Sexually dimorphic effects of hippocampal cholinergic deafferentation in rats

Authors

  • Zachariah Jonasson,

    1. Neuroscience Program, Department of Psychology, Harvard University, William James Hall, 33 Kirkland Street, Cambridge, MA 02138, USA
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  • Jonathan F. X. Cahill,

    1. Neuroscience Program, Department of Psychology, Harvard University, William James Hall, 33 Kirkland Street, Cambridge, MA 02138, USA
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  • Rachel E. Tobey,

    1. Neuroscience Program, Department of Psychology, Harvard University, William James Hall, 33 Kirkland Street, Cambridge, MA 02138, USA
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  • Mark G. Baxter

    1. Neuroscience Program, Department of Psychology, Harvard University, William James Hall, 33 Kirkland Street, Cambridge, MA 02138, USA
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Dr Zachariah Jonasson, as above.
E-mail: jonasson@wjh.harvard.edu

Abstract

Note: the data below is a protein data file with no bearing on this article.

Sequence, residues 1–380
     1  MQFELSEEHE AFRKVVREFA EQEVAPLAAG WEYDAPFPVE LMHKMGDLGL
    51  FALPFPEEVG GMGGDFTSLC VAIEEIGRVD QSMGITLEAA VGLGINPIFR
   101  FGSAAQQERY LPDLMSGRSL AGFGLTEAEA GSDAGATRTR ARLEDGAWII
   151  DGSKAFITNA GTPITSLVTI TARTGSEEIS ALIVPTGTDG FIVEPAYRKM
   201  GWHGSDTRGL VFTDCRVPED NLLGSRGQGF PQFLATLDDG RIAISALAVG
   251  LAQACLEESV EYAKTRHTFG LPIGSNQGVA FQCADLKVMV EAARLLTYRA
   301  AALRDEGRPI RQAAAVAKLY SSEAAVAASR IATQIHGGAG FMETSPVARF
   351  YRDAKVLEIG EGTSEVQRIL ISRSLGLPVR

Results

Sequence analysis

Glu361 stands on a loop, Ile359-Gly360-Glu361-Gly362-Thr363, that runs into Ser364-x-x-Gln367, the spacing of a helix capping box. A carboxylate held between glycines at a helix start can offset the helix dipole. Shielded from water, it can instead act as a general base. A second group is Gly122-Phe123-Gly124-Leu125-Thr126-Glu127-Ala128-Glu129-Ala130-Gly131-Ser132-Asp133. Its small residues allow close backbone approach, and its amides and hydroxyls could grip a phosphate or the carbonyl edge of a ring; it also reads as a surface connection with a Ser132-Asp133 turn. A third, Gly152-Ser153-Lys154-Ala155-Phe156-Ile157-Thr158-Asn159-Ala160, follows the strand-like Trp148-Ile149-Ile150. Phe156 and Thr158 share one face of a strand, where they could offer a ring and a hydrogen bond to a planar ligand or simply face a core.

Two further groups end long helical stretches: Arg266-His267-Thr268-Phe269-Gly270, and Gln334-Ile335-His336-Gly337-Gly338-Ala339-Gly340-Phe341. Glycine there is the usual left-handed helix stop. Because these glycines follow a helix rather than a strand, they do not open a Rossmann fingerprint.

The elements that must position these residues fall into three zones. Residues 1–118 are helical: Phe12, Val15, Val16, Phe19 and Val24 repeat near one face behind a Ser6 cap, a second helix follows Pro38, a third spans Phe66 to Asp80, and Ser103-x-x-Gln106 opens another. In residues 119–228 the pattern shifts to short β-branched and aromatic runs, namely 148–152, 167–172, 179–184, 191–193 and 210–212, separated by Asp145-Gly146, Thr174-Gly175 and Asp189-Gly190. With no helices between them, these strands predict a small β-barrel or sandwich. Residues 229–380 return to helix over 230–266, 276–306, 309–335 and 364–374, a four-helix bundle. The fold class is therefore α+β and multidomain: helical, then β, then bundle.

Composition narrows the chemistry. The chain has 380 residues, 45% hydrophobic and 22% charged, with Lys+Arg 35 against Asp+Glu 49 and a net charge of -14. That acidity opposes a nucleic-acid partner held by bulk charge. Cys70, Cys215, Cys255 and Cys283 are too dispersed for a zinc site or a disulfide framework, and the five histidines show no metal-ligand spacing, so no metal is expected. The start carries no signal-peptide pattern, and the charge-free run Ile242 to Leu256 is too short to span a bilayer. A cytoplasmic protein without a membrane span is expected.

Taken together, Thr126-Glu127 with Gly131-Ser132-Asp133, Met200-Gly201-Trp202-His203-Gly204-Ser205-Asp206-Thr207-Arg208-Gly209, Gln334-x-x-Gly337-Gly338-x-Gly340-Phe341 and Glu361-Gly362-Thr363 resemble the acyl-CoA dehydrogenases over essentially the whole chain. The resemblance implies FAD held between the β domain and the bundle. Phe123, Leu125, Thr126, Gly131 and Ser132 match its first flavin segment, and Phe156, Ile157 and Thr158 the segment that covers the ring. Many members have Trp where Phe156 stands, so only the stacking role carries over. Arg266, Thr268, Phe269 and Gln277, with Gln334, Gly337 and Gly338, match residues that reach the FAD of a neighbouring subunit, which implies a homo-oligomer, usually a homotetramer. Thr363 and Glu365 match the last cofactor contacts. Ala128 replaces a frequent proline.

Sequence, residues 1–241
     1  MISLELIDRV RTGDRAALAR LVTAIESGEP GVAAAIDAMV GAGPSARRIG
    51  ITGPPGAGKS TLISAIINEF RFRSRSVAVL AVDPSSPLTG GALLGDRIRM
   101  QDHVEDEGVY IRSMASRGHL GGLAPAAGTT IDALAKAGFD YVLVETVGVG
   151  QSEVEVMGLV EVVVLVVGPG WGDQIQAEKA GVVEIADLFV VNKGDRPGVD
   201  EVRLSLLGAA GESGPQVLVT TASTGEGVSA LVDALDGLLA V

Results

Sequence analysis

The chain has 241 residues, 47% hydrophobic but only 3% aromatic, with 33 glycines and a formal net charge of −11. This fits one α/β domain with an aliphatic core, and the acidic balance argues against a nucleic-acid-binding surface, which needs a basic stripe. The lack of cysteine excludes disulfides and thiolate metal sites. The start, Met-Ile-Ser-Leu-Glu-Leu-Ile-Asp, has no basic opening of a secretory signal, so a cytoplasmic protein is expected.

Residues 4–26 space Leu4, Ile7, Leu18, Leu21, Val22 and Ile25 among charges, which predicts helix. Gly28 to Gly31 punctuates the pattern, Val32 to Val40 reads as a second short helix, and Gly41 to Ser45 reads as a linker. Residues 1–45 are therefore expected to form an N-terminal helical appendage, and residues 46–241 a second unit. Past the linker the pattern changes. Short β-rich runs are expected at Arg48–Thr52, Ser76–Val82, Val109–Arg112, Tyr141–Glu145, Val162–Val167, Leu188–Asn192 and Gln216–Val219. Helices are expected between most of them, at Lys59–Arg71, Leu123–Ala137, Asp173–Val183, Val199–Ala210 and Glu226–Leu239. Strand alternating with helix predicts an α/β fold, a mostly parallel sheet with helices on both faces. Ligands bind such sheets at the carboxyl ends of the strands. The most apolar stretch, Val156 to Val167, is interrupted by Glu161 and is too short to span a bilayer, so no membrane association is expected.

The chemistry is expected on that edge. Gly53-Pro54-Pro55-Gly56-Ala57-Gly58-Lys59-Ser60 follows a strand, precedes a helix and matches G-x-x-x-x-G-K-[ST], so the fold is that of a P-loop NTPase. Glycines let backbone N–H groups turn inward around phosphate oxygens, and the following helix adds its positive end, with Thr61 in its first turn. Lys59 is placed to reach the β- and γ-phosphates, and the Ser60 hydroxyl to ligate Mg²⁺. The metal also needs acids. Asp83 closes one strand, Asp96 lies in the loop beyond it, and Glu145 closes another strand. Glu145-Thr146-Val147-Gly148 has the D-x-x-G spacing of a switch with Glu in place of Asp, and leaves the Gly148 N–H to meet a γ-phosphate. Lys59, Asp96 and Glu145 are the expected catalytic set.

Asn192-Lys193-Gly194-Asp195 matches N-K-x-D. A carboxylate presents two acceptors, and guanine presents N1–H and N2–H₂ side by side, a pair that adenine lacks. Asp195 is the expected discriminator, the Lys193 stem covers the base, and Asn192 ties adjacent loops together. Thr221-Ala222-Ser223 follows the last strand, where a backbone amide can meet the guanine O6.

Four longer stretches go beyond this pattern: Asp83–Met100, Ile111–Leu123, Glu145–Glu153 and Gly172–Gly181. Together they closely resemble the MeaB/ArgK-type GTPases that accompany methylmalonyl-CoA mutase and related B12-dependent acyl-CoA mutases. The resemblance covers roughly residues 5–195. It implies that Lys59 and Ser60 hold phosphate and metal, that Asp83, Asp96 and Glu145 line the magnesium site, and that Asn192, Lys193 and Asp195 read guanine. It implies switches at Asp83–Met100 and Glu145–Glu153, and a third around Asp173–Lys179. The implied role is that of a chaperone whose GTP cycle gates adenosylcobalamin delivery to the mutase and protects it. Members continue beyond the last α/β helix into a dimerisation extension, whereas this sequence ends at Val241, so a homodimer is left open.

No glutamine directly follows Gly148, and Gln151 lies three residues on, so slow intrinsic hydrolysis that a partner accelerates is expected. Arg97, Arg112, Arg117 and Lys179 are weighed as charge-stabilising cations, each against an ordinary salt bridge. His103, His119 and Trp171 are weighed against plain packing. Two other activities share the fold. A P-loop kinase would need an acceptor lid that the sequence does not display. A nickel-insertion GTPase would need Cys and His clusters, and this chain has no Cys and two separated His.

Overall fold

To determine whether the basal forebrain-hippocampal cholinergic system supports sexually dimorphic functionality, male and female Long-Evans rats were given either selective medial septum/vertical limb of the diagonal band (MS/VDB) cholinergic lesions using the neurotoxin 192 IgG-saporin or a control surgery and then postoperatively tested in a set of standard spatial learning tasks in the Morris water maze. Lesions were highly specific and effective as confirmed by both choline acetyltransferase/parvalbumin immunostaining and acetylcholinesterase histochemistry. Female controls performed worse than male controls in place learning and MS/VDB lesions failed to impair spatial learning in male rats, both consistent with previous findings. In female rats, MS/VDB cholinergic lesions facilitated spatial reference learning. A subsequent test of learning strategy in the water maze revealed a female bias for a response, relative to a spatial, strategy; MS/VDB cholinergic lesions enhanced the use of a spatial strategy in both sexes, but only significantly so in males. Together, these results indicate a sexually dimorphic function associated with MS/VDB-hippocampal cholinergic inputs. In female rats, these neurons appear to support sex-specific spatial learning processes.

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